Talking About Pop Culture’s Politics Is About Quality, Not Correctness

The Daily Beast’s Michael Moynihan used my argument that NBC’s Deception would be a better show if it had any racial consciousness whatsoever as an example in a piece he wrote recently complaining that pop culture criticism has gotten overly political. So we sat down so I could explain to him why for me, asking for better politics is a way of asking for better characterization and more carefully grounded conflicts:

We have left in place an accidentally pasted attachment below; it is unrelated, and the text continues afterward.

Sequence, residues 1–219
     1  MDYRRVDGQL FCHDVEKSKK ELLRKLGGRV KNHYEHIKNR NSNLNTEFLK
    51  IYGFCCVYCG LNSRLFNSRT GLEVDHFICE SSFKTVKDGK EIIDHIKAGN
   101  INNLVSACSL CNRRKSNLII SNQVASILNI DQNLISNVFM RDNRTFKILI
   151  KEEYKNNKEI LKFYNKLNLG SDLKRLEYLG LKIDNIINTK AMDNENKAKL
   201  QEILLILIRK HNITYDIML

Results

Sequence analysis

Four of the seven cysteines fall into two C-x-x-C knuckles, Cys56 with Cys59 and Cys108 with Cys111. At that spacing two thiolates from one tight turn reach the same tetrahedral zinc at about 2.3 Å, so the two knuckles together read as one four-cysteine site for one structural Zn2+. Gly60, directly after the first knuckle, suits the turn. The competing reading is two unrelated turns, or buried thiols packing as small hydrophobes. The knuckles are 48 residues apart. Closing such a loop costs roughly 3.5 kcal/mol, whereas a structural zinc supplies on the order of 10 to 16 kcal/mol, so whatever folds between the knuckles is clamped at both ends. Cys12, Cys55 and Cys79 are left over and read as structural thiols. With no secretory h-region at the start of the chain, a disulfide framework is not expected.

It was an interesting conversation for me: I don’t possess nearly the confidence that Michael does to tell other folks that their distress at something they see reflected in mass culture is dumb or wrong. I may not find something personally distressing in the way another interlocutor does. But if someone’s finding themselves upset by something they’re seeing in media, or hitting a straw-that-broke-the-camel’s-back moment, that, for me, is generally a sign I should take a look at the writing or performance to see if execution’s gone soft, an expected sharpness has been blunted, or if intentions have gone badly awry. Incredibly stupid racism or sexism doesn’t normally make its way into mainstream pop culture (with some execptions) as a matter of intention. More often, there’s some kind of craft gone badly awry.